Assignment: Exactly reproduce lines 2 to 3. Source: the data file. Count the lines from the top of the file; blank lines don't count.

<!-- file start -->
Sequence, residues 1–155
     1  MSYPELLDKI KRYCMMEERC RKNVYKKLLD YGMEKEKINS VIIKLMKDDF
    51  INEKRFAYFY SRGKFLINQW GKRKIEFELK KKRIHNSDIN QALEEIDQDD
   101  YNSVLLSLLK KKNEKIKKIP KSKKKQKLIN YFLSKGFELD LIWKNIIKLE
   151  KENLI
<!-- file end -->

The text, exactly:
     1  MSYPELLDKI KRYCMMEERC RKNVYKKLLD YGMEKEKINS VIIKLMKDDF
    51  INEKRFAYFY SRGKFLINQW GKRKIEFELK KKRIHNSDIN QALEEIDQDD